Microsoft Launches Beta of Free Antivirus

The company pushed out the beta of Microsoft Security Essentials yesterday, making the software available to users in the United States, Israel (English only), People's Republic of China (Simplified Chinese only) and Brazil (Brazilian Portuguese only).

Originally codenamed Morro, Microsoft says the software will provide protection from from viruses, spyware, rootkits, and Trojans for users running Windows XP, Windows Vista, and Windows 7. InformationWeek describes MSE as essentially the anti-malware component of Microsoft's subscription security service, Windows Live OneCare, without the utility applications and the $50 annual fee. Microsoft announced in November that it would discontinue OneCare Live in order to focus on a product that would better serve consumers.

A full release of the software is scheduled for the fall, around the time Windows 7 goes to retail. No word on whether or not Microsoft will be poking the anticompetitive bear by bundling Microsoft Security Essentials with Windows 7. Until then, anyone planning on trying out the beta? Let us know!

  • coopchennick
    I remember someone saying Microsoft's last antivirus program was very good on resources so I'll give it a try.
  • mtyermom
    I went to download this MSE beta and was met with this message:


    Thank you for your interest in joining the Microsoft® Security Essentials Beta. We are not accepting additional participants at this time. Please check back at later a date for possible additional availability.
    They only allowed the first 75,000 people to download it.
    So this is a heads up to anyone else who is interested in downloading and trying this software: you will have to get it somewhere other than microsoft's servers. I found several sources with minimal effort.
  • gaevs
    I'm testing it, 32 and 64 bits and i can confirm that works well, and it's fast.., low on resources.. well, it's eating 43Mb on my system, but no more that 20% CPU utilization at any given time.., faster than Panda.. almost equal to Avast Home, the 64bits works faster for me..
  • seboj
    I'll try it out. Recently somebody compared Morro with other big-name AV programs, and it came out either on top, or close to the top. Worth a look anyways.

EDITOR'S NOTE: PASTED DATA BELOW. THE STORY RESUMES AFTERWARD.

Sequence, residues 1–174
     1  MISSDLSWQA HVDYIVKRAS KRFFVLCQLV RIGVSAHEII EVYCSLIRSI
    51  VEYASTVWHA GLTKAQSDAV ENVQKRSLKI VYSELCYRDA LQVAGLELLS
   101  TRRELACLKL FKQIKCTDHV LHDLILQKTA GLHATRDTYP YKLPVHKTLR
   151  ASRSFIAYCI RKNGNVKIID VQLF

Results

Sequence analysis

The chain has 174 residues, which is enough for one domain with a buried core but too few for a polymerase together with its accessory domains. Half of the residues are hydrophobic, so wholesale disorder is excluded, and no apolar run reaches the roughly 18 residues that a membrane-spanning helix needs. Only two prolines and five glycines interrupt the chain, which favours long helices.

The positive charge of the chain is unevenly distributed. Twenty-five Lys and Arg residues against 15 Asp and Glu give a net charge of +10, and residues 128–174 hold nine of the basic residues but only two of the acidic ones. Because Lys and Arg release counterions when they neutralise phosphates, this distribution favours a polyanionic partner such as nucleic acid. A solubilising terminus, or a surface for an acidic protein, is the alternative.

• scook9
    Is it really about speed though or how well it protects you. My preference would to be to not have to doubt my AV program. Also, will this be able to detect as well as effectively remove viruses and other threats?

    I'll wait for some reviews since I get Symantec Endpoint for free as it is.
  • apmyhr
    I signed up for it in time to download it. I'm using it with 64bit Win 7 RC. I was amazed to find that the download file was less than 4MB. The thing installed in short time and didn't even require a restart. I ran a scan and it seemed to take less than a minute (I don't have too much on my computer right now), and I didn't notice any performance hit at all. Granted I wasn't running a game at the same time. So basically, the utility is free, small, fast, and very low resource cost. I'm curios to see how security benchmarks rate its effectiveness.
  • st430
    bye bye norton the memory and cpu killer.
    bye bye one care since I don't have to pay no more.
  • xyz001
    i dont use anti virus programs and i dont get virus. Bottom line is you dont get virus if you dont do something actively to get it. (like clicking "yes" to dialogs from shady sites, or viewing chain letter ppt files your friends are sending you.

    i have yet to see a virus that infects your pc by just browsing to a webpage with firefox, or receiving a mail.

    Having an antivirus program is like having a virus.

  • benaus
    @ xyz001
    You can still get viruses, even from websites you know and love that have been infected. Those popups you receive could very well be infections themselves that reside on your system to annoy you.

    Download MalwareBytes, install it, update it and then run it in Safe Mode. You might be surprised.
  • kelfen
    It's worth a a shot to try;